Did you know that approximately 40% of BGP prefixes polluting your RIB and FIB are not needed, as they could be either aggregated or suppressed (because an aggregate is already announced)? We definitely need “driver’s license for the Internet”, but that’s not likely to happen, and in the meantime everyone has to keep buying larger boxes to cope with people who cannot configure their BGP routing correctly.
Before you start writing a comment explaining how multiple prefixes are needed due to lack of traffic engineering capabilities in BGP – the report generated by Geoff Huston takes at least some of that in account.
Bill (the reader who wrote me about this issue) is facing a very painful problem: he cannot fit the full BGP routing information he’s receiving from two upstream ISPs into his Sup720-3B and would have to upgrade to Sup720-3BXL.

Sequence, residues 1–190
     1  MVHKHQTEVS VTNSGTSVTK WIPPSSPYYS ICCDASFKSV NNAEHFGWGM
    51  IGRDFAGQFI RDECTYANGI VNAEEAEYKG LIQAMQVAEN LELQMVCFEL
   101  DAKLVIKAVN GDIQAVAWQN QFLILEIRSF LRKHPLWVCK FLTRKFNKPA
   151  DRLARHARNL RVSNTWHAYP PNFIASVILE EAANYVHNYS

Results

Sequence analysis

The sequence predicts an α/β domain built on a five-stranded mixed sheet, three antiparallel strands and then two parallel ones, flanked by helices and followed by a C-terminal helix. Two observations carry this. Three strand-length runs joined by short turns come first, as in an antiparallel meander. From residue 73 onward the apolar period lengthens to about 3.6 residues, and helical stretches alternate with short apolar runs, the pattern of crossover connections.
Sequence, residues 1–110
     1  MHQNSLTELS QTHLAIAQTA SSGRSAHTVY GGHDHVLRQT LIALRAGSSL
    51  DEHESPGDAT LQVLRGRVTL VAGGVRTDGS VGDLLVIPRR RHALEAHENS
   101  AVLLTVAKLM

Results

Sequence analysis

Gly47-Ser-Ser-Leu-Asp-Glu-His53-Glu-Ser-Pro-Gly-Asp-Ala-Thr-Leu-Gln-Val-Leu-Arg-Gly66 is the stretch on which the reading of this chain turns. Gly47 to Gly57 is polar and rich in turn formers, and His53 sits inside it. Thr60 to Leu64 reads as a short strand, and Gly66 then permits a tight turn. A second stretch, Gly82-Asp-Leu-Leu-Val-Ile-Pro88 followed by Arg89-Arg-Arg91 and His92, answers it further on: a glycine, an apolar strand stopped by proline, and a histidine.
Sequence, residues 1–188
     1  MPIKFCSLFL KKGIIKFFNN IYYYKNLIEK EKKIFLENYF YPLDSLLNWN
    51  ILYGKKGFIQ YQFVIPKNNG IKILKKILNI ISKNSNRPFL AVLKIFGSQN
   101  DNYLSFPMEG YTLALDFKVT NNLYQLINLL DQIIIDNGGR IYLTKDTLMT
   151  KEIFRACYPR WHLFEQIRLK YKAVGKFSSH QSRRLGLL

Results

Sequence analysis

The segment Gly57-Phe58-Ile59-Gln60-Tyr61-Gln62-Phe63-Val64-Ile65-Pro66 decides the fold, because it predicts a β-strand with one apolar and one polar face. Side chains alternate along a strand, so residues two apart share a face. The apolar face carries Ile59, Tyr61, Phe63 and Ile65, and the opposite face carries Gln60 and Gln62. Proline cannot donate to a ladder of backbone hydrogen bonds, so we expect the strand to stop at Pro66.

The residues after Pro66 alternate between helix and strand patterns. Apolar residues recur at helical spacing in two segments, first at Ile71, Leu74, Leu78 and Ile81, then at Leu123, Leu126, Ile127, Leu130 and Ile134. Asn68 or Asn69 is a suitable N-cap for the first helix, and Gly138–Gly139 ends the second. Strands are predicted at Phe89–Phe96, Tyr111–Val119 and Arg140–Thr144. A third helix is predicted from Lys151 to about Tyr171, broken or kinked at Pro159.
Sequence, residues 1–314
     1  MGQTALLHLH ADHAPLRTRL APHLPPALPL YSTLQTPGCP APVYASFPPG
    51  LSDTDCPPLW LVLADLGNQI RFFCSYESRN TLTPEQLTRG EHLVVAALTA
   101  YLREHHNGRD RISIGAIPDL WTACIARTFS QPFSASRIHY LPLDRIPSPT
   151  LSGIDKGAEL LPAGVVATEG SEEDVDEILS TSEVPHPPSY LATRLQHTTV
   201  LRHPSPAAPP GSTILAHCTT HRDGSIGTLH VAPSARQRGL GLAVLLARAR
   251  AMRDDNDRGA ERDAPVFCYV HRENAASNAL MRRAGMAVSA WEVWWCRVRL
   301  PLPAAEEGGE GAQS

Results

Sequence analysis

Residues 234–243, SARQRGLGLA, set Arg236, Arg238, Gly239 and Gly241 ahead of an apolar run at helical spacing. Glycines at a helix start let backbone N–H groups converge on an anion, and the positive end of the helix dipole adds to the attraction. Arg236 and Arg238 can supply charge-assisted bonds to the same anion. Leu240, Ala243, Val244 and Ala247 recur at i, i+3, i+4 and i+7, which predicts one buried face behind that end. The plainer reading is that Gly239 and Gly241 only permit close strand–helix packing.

He noticed that in many cases a BGP prefix and one or more more-specific prefixes share the same next hop, so he could easily drop the more-specific prefixes without changing the forwarding behavior. He simulated this idea on the actual contents of his BGP table and figured out that he could safely drop around 40% of the prefixes he receives. He just needs the inbound filter.
There is no easy way to implement the “drop superfluous more-specific prefixes” filter in Cisco IOS. You could create multiple RIBs (with neighbor soft-reconfiguration command) and implement scripting kludges that would generate inbound filters, but those kludges wouldn’t react to real-time changes in BGP tables.
An alternative might be a host-based BGP daemon (like Quagga) that would connect to the upstream ISPs, collect the BGP prefixes, and pass the minimum subset required to the Catalyst 6500. I was never really interested in BGP daemons and thus have no idea where to start looking for such a beast (OK, I do know how to use Google to find Quagga ;). Could you help Bill, preferably with pointers to solutions that already implemented what he’s looking for? Thank you!